Biden’s Dance with the Black Press: A Forgotten Rhythm?

Stacy M. Brown NNPA Newswire Senior National Correspondent

However, just one year before the critical 2024 Presidential Election, where he’ll likely face a rematch with Donald Trump, the question arises: has the President forgotten the rhythm that drew him to the dance?

With his campaign flailing, then-presidential candidate Joe Biden knew his fate hinged on African Americans.

Like many successful campaigns, political and otherwise, Biden looked to the Trusted Voice of Black America during what had become a critical, if not grave, moment of reckoning. On a brisk morning, Feb. 26, 2020, Biden received an essential reminder of the historical significance of the Black Press and how its backing could sway the all-important Black electorate.

On that crisp February morning in 2020, a chartered bus rolled into historic downtown Charleston, carrying over a dozen Black Press publishers and leaders. The Mills House Wyndham Grand Hotel on Meeting Street hosted a critical gathering between Biden, his team, and the stalwarts of the Black Press. The stakes were high, and South Carolina held the key to the fate of Biden who trailed badly in the polls as rumors began to fly that he contemplated suspending his campaign.

The strategy was simple: connect with the “Trusted Voice of Black America,” a legacy that spans nearly two centuries when Samuel Cornish and John B. Russwurm boldly proclaimed, “We wish to plead our own cause,” and started the Black Press in New York.

The boldness of Russwurm and Cornish’s statement lies in the fact that they started Freedom’s Journal with those daring words before slavery ended. From Dr. Martin Luther King Jr. to Mamie Till, the Black Press has been the conduit for crucial messages that have reverberated globally.

Biden’s interview with NNPA President and CEO Dr. Benjamin F. Chavis Jr. broadcast over the expansive social media channels of the Black Press, became a lifeline for his campaign. His words could now reach over 30 million people, particularly African Americans. A subsequent national feature article about the get together ran in many of the more than 230 Black-owned newspapers and amplified Biden’s message to the African American electorate.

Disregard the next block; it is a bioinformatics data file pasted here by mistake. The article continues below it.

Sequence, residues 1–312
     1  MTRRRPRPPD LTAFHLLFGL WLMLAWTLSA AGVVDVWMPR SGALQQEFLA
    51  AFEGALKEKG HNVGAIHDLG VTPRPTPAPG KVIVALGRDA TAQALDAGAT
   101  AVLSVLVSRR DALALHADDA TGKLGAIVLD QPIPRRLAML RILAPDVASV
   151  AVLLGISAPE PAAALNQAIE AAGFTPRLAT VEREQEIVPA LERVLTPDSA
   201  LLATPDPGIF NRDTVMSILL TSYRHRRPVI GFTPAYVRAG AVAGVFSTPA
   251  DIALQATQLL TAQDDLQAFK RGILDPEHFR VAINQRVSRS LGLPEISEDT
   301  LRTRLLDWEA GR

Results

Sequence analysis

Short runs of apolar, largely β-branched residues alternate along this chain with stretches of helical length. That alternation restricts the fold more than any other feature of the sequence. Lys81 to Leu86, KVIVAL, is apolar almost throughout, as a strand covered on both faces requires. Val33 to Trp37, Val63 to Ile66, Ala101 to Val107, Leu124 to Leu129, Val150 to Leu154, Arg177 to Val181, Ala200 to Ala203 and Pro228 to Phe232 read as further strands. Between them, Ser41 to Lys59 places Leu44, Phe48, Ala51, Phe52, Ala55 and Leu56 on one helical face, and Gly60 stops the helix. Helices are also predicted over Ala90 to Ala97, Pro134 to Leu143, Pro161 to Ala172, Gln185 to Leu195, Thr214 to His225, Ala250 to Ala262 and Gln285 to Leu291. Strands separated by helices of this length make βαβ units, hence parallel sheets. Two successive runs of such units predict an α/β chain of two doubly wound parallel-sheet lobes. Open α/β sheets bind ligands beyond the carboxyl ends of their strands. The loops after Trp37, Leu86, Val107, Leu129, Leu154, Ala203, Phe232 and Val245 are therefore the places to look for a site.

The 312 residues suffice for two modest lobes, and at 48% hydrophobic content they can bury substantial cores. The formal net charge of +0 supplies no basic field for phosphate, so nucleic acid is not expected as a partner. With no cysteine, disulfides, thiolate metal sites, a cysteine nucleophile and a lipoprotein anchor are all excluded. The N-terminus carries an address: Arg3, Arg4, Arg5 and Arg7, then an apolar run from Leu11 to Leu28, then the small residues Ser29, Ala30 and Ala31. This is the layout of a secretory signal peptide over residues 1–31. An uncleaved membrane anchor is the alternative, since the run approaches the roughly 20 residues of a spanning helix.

“The Black vote will determine the nominee… and hopefully the next president and The Black Press is the heart and soul as to why I got involved,” Biden acknowledged during the interview, recognizing the pivotal role played by African American voters.

His promises were explicit, and a breath of fresh air in comparison to Trump:
• Addressing housing discrimination
• Investing $640 billion over a decade for affordable housing
• Dismantling redlining
• Creating opportunities for first-time homebuyers

Those commitments voiced through the Black Press resonated with the Black community, a critical demographic that would propel Biden to victory. And it certainly didn’t hurt Biden that shortly after his sit down with the Black Press, and after he promised to appoint the first Black woman to the U.S. Supreme Court, the kingmaker, South Carolina Democratic Rep. James Clyburn, formally endorsed him.

Today, Biden’s dance seems to have lost its rhythm. Despite numerous policies benefiting African Americans, his messaging remains non-existent. With the 2024 election looming, polls indicating major declines in Black support, Biden’s campaign has ignored, as Biden once said, “What brought me to the dance,” the Black Press.

The recent Biden-Harris ad campaign, “History,” showcases the administration’s investments in rural Black communities. While commendable, it raises questions about excluding Black-owned media in those advertising buys. Biden’s campaign boasted a 16-week, $25 million ad buy targeting Black voters, yet the Black Press, with its unmatched influence and historical significance, is conspicuously absent.

As most understand, and the Biden campaign apparently does not, there’s a massive difference between Black-targeted and Black-owned. While to the campaign’s credit, they are running an ad with Byron Allen’s TheGRIO, a Black-owned entity, they haven’t done so with the Black Press — despite televised promises from various individuals in the Biden camp, including DNC Chair Jaime Harrison.

That’s also despite the ever-dwindling support of the Black electorate.

As the President gears up for a potential rematch against Trump, the question lingers: has Biden forgotten the rhythm that brought him to the dance, a rhythm inscribed in the ink of the Black Press? Only time will tell if the President can return to the beat that secured his place in the Oval Office.

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New Orleans Agenda The National Coalition on Black Civic Participation (NCBCP) and the Black Women’s Roundtable (BWR), in partnership with Mississippi
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